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Bates, Daisy (11 November 1914–04 November 1999), civil rights activist, newspaper founder and publisher, was born Daisy Lee Gatson in Huttig, Arkansas. Her biological father and mother, reputedly John Gatson and Millie Riley, remain shrouded in mystery, and scholars have been unable to find evidence confirming her parentage. (Thus, her reported birth date varies: the one given here is widely acknowledged.) Bates grew up hearing that several white men had raped and murdered her mother and thrown the body in a pond. Leaving his infant daughter in the care of friends Orlee and Susie Smith, who became her foster parents, her father abandoned her, never to return. This was Bates's baptism into the poverty, insecurity, and racial violence that segregation fostered....

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Douglass, Frederick ( February 1818–20 February 1895), abolitionist, civil rights activist, and reform journalist, was born Frederick Augustus Washington Bailey near Easton, Maryland, the son of Harriet Bailey, a slave, and an unidentified white man. Although a slave, he spent the first six years of his life in the cabin of his maternal grandparents, with only a few stolen nighttime visits by his mother. His real introduction to bondage came in 1824, when he was brought to the nearby wheat plantation of Colonel ...

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Fortune, Timothy Thomas (03 October 1856–02 June 1928), militant newspaper editor, was born in Marianna, Florida, the son of Emanuel Fortune, a literate slave artisan, and Sarah Jane Moore, a slave. Fortune was raised amid tumultuous times in Reconstruction Florida. His father, one of two African Americans elected as delegates to the 1868 state’s constitutional convention and a member of the Florida House of Representatives, was targeted by the Ku Klux Klan and had to flee the area for months in 1869. Thirteen-year-old Timothy became the man of the house in his father’s absence. “The constant fear, the stories of outrage …, the sign of his once high-spirited mother gradually breaking under the strain of anxiety—all these had a lasting influence on the sensitive and imaginative boy” (Thornbrough, p. 17)....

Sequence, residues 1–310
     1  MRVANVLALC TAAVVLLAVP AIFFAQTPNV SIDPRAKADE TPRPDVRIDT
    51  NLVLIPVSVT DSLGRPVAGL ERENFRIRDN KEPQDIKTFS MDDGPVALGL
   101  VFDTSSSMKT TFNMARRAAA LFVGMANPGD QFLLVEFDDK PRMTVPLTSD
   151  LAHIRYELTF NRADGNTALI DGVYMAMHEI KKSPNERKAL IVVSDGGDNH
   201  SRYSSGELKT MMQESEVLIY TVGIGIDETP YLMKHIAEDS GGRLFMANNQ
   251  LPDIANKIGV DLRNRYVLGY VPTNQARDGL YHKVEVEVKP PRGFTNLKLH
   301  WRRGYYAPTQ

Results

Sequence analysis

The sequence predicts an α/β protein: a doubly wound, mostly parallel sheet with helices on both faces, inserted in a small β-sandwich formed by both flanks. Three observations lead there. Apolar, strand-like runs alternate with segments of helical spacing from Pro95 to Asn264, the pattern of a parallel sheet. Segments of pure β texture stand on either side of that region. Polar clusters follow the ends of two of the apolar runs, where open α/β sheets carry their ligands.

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Wells-Barnett, Ida Bell (16 July 1862–25 March 1931), editor and antilynching activist, was born in Holly Springs, Mississippi, the daughter of James Wells and Elizabeth Warrenton, slaves. Son of his master, James Wells was a carpenter’s apprentice and opened his own shop after emancipation. The eldest of eight children, Ida attended Rust College in Holly Springs until 1878, when a yellow fever epidemic killed her parents and one of her six siblings (another had died some years before). Determined to keep her family together, Wells began teaching in surrounding areas. In 1881 she moved her youngest siblings to Memphis to live with an aunt and took a job as a schoolteacher in nearby Woodstock....